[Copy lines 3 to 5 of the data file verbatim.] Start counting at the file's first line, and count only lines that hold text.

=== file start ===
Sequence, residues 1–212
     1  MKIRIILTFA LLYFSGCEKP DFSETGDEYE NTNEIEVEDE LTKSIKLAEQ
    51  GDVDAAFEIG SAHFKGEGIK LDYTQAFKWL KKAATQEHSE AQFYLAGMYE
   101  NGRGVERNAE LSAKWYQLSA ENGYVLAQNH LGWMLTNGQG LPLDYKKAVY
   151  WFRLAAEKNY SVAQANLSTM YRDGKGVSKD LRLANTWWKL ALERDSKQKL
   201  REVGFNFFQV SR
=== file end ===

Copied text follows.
    51  GDVDAAFEIG SAHFKGEGIK LDYTQAFKWL KKAATQEHSE AQFYLAGMYE
   101  NGRGVERNAE LSAKWYQLSA ENGYVLAQNH LGWMLTNGQG LPLDYKKAVY
   151  WFRLAAEKNY SVAQANLSTM YRDGKGVSKD LRLANTWWKL ALERDSKQKL